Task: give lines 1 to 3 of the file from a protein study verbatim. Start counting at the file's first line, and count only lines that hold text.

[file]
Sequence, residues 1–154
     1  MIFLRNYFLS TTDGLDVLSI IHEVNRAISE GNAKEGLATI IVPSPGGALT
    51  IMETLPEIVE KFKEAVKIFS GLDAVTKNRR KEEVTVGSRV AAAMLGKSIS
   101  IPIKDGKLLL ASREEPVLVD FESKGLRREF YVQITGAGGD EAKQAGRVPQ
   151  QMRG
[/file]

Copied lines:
Sequence, residues 1–154
     1  MIFLRNYFLS TTDGLDVLSI IHEVNRAISE GNAKEGLATI IVPSPGGALT
    51  IMETLPEIVE KFKEAVKIFS GLDAVTKNRR KEEVTVGSRV AAAMLGKSIS